This gives CEOs more time to run their businesses because they're not spending as much time dealing with the board. It also makes hiring a COO not necessary in many cases. 

Boards expect CEOs to be more hands-on 

Because of a series of financial crises and scandals, boards are demanding that CEOs become more hands-on, so they stay closer to the beating heart of the business. In some companies, this means eliminating the COO position. 

The trend towards flatter organizations 

Yet another reason for the increasing disappearance of the COO role in companies is the trend towards having flatter organizations. Businesses are moving from a more top-down approach to one that's increasingly collaborative. 

This means that the CEO and COO are no longer issuing edicts from on high. Instead, there's a more distributive model of sharing and decision-making. Doing this also helps make members of the C-suite more accountable for their successes and failures.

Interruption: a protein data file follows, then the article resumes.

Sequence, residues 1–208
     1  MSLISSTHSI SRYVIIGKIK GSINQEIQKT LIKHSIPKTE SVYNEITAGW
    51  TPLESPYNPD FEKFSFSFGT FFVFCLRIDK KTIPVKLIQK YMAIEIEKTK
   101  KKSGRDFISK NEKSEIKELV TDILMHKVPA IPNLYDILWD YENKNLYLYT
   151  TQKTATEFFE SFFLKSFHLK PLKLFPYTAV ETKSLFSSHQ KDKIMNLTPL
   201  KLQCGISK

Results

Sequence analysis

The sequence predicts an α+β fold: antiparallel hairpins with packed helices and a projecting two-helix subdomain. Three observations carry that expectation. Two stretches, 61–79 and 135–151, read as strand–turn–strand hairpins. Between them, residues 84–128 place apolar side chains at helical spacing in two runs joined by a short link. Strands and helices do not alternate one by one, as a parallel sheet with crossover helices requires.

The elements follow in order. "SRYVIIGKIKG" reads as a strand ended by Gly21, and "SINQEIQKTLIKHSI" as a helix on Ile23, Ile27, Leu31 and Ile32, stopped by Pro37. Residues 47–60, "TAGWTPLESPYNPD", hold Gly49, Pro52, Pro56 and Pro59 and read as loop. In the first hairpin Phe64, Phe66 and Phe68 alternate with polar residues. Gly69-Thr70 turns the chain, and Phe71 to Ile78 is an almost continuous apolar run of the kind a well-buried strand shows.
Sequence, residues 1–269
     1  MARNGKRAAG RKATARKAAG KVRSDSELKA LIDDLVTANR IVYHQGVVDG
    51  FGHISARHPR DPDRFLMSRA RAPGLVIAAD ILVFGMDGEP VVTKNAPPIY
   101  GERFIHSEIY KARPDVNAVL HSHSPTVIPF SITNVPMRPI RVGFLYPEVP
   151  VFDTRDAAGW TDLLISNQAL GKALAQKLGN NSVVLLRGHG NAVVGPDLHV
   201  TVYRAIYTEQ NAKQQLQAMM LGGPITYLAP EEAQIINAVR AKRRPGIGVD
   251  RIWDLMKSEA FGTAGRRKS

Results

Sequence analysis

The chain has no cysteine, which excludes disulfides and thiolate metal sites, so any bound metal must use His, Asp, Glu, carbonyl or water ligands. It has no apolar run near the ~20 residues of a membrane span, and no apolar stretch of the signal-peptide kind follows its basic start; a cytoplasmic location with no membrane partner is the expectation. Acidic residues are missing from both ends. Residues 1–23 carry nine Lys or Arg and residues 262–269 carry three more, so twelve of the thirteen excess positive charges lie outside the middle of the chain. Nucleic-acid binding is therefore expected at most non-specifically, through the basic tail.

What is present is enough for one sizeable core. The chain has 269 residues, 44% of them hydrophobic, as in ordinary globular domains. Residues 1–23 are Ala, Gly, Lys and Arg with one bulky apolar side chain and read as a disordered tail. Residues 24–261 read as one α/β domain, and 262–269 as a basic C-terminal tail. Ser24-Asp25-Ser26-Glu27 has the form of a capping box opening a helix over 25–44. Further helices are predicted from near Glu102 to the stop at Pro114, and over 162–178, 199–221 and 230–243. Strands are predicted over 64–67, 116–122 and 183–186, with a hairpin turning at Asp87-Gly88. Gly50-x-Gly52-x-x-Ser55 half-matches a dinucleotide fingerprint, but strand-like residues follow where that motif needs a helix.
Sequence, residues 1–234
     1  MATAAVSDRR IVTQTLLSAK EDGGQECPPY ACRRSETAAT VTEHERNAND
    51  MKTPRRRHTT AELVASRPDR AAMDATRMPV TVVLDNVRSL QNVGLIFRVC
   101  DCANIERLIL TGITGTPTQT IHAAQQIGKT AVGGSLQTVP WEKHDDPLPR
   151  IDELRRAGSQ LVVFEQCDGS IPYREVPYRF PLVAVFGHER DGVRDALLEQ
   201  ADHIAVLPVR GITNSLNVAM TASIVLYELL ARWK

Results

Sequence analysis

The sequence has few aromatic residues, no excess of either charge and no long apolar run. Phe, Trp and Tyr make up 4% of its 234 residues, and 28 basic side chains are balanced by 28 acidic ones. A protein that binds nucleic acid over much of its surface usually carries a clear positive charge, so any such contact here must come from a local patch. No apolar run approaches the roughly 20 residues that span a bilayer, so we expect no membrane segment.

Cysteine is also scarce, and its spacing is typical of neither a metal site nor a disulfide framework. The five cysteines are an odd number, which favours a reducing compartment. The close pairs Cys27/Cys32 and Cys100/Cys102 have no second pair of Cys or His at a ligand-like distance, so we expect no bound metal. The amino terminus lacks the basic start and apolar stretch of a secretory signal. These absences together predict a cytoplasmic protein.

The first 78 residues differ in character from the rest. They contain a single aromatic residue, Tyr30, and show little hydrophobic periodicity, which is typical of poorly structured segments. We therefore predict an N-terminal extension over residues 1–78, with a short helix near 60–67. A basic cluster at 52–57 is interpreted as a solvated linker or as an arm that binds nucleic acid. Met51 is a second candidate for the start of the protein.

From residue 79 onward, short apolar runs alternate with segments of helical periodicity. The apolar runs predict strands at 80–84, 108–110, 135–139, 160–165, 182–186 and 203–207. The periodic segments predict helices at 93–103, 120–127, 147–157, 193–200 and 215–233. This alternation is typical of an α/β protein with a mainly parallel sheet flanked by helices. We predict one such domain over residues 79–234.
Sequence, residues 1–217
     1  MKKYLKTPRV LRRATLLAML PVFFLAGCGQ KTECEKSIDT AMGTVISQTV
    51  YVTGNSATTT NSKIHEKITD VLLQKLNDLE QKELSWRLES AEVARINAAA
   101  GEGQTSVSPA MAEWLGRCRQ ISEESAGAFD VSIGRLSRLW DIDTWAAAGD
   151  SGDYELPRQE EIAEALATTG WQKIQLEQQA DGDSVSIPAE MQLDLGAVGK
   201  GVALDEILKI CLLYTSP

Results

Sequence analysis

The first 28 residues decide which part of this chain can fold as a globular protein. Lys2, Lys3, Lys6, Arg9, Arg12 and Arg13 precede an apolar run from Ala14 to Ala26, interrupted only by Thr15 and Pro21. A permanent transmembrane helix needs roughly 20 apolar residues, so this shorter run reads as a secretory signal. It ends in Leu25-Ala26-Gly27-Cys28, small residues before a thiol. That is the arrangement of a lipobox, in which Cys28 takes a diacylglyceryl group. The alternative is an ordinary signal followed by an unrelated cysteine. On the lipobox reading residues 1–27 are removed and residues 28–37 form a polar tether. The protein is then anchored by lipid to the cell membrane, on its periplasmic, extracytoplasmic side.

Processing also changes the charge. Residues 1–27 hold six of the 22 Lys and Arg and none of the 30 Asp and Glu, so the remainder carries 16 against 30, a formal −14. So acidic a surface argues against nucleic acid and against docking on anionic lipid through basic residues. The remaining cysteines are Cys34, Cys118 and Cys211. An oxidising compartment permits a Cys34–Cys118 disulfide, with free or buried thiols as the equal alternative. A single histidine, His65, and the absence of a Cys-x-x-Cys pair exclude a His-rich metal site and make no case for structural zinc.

Because the business uses more of a horizontal business model, this often negates the need for a COO.  

Companies with no COO or more than one 

Because an increasing number of companies are operating without a COO, the CEO either takes on more responsibilities. Or the tasks usually undertaken by a COO are done by other members of the C-suite. 

On the other hand, some companies might have two COOs. For example, having one to oversee each business line or division in an enterprise. This happened in Lehman Brothers In 2002 when Bradley Jack and Joseph Gregory became the co-CEOs of the corporation. 

The resurgence of the COO

Although the role of COO has been in significant decline over the last decade, there are reasons to suspect that the position will soon start making a resurgence. One reason is as organizations become increasingly complex, it's becoming more challenging for a single individual to have enough proficiencies to oversee an entire company.